Friday July 9, 1999
"American Pie" is the darndest thing. Both warmhearted and foul-mouthed, this unlooked-for hybrid of "South Park" and Andy Hardy uses its surface crudeness as sucker bait to entice teenage audiences into the tent to see a movie that is as sweet and sincere at heart as anything Mickey Rooney and Judy Garland ever experienced.
As a card-carrying contemporary youth comedy, "American Pie" does have its gross-out credentials in what you might call apple pie order. Front and center are jokes about voyeurism, diarrhea, premature ejaculation, the drinking of beer with a semen chaser and, in the film's signature moment, masturbation with one of those homemade pies.
It all sounds as vulgar as the tolerant MPAA allows, but to see "American Pie" is to know that all this foolishness is only window-dressing for a film that at its core is surprisingly innocent and good-natured and even finds the time to promote decent values. If America's teenagers have a biological need to sneak into crass R-rated movies, and apparently they do, this is the one parents not only can feel safest about but might even enjoy themselves.
"American Pie" is the feature debut for screenwriter Adam Herz, who apparently used his own not-that-distant school years at Michigan's East Grand Rapids High as inspiration. Paul and Chris Weitz, the director and co-producer, respectively, collaborated on the writing of both "Antz" and "Madeline," and while that latter film's nuns might need a stretcher after exposure to some of the humor here, they'd find a lot to like as well.
For one thing, this has got to be one of the least mean-spirited of recent American comedies. Cast from top to bottom with extraordinarily likable young actors who we instinctively want to be happy, "American Pie" also benefits from screenwriter Herz's clever plotting and his exact sense of what is due to each character, even the most hostile and profane.
More than that, "American Pie" is unusual in its ability to mix bodily functions humor with a sincere and unlooked-for sense of decency. Though its characters obsess endlessly about sex, even to the point of wondering if Ariel in "Little Mermaid" would be an appropriate partner, the film finally comes down emphatically in favor of treating people with consideration and acting from the heart as the keys to happiness.
"American Pie" opens with the sounds of a woman moaning in sexual ecstasy in a teenager's room, but it's not a real woman, it's a scrambled broadcast on an adult channel, which is as close to actual sexual experience as Jim (Jason Biggs) and his friends have had, endless talk and fantasizing notwithstanding.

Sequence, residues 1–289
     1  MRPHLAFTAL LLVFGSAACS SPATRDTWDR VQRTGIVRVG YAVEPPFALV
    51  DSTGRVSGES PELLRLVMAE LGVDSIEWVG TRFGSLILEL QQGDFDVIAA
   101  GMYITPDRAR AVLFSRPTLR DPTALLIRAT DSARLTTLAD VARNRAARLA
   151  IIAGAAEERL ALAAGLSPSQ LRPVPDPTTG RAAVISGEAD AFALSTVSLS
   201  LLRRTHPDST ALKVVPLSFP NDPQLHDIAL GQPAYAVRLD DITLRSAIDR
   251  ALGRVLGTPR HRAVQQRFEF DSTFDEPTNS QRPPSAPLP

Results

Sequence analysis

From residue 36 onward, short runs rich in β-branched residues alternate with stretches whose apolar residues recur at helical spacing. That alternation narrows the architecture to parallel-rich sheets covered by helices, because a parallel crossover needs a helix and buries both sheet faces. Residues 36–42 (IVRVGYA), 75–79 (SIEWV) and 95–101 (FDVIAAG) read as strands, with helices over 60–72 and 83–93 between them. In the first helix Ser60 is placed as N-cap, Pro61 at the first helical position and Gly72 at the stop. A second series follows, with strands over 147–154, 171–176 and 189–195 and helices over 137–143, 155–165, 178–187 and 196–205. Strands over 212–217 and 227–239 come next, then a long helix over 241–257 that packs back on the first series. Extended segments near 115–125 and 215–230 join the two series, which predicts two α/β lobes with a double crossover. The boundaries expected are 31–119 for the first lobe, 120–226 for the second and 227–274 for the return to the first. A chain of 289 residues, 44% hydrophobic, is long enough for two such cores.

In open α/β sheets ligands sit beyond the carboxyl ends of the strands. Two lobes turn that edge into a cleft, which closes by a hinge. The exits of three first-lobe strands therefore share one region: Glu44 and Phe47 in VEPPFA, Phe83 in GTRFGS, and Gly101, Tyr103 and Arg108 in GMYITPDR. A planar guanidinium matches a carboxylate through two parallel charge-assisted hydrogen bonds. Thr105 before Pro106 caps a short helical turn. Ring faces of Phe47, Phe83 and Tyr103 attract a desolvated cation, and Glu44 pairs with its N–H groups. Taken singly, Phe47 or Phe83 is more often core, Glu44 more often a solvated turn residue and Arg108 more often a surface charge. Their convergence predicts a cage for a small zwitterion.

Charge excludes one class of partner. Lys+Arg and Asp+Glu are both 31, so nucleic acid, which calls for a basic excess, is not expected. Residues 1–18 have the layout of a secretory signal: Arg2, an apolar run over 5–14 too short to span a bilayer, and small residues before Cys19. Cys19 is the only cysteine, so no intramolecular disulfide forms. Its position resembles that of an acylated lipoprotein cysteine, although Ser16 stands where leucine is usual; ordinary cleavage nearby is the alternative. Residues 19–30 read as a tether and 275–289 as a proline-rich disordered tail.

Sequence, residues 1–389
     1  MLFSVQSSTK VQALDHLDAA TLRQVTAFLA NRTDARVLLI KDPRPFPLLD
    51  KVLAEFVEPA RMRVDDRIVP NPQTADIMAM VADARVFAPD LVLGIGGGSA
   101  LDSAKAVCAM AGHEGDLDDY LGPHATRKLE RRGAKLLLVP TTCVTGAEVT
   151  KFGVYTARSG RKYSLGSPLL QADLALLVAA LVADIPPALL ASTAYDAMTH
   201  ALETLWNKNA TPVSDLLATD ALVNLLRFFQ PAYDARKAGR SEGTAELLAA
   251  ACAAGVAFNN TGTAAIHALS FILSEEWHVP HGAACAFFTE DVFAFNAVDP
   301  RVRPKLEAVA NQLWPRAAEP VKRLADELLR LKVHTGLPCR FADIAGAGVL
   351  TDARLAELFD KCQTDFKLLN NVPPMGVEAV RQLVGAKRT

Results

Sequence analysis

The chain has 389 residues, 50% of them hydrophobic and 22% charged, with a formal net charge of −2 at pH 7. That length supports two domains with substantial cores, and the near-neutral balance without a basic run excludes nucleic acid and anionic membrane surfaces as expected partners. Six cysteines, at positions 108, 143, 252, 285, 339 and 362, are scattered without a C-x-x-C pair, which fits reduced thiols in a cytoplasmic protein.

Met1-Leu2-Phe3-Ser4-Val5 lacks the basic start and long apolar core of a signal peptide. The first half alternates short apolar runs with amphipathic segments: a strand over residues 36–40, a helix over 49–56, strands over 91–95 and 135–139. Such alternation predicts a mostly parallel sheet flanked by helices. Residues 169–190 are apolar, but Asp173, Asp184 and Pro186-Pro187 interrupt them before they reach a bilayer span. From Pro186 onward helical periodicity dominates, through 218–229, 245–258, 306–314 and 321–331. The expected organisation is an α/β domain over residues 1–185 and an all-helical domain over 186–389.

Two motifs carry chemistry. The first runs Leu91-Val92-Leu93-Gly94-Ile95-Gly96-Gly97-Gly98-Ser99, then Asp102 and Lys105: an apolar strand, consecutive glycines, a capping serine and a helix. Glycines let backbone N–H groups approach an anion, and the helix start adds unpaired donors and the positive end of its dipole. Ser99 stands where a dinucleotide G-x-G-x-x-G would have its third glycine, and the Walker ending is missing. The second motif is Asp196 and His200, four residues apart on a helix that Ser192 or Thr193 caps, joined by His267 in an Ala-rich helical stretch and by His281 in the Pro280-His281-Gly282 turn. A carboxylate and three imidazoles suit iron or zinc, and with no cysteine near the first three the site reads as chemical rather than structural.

Kevin (Thomas Ian Nicholas) does have a steady girlfriend, the beautiful Vicky (Tara Reid), but they've yet to find the perfect moment to go all the way. Totally without female companionship are Chris "Oz" Ostreicher ("Election's" marvelous Chris Klein), who devotes his life to lacrosse, and the dry, intellectual Finch (Eddie Kay Thomas), who enjoys using Latin to make jokes about the dog eating his homework.
Clustering around this core group are other archetypal high school characters. On the hip side are the crude party animal Stifler (Seann W. Scott), who calls his house "Stifler's Palace of Love," and the wise, sexually experienced Jessica (Natasha Lyonne of "Slums of Beverly Hills"). Further down the pecking order are braces-wearing Sherman (Chris Owens), a.k.a. "the Sherminator, a sophisticated sex robot sent back through time," and Michelle (a delightful Alyson Hannigan), a flute player who thinks of nothing but band, band, band.
Fearful of, God forbid, graduating high school as virgins, Jim, Kevin, Oz and Finch make the pact that drives "American Pie's" plot: They will motivate and support one another so that, by prom night, exactly three weeks away, they will no longer be sexual novices. "We will become," Kevin proclaims in a mock-passionate speech, "masters of our sexual destiny."
This vow, not surprisingly, becomes the basis for numerous moments of embarrassment and mortification; if there is a wrong or awkward thing to be said or done, one of these guys will say or do it. The most intriguing scenarios involve Oz, who meets the beautiful Heather (Mena Suvari) when he expands his sensitive side and tries out for jazz chorus, and woebegone Jim, who endures a father (Eugene Levy), whose attempts to help are tone-deaf, and what he fears is an unattainable crush on stunning Czech exchange student Nadia (Shannon Elizabeth).
Though wincing at what its characters go through is the main source of "American Pie's" laughs, the film manages to treat almost everyone with respect, even, for the most part, the women, rarely the case in films like this. Naturally, everything comes down to a post-prom party at Stifler's mom's (Jennifer Coolidge) lakeside vacation home where wacky plot turns culminate in the kind of unexpected good feelings that characterize this most surprising of teenage films.
American Pie, 1999. R, for strong sexuality, crude sexual dialogue, language and drinking, all involving teens. A Warren Zide/Craig Perry production released by Universal Pictures. Director Paul Weitz. Producers Warren Zide, Craig Perry, Chris Moore, Chris Weitz. Screenplay Adam Herz. Cinematographer Richard Crudo. Editor Priscilla Nedd-Friendly. Costumes Leesa Evans. Music David Lawrence. Production design Paul Peters. Art director Paul Peters. Set decorator Amy Wells. Running time: 1 hour, 33 minutes. Jason Biggs as Jim. Shannon Elizabeth as Theresa. Alyson Hannigan as Dodge. Chris Klein as Johnny Land. Natasha Lyonne as Lina. Thomas Ian Nicholas as Charlie. Tara Reid as Vicky. Seann W. Scott as Stifler. Mena Suvari as Heather. Eddie Kaye Thomas as Finch. Eugene Levy as Jim's Dad.Copyright © 2014, Los Angeles Times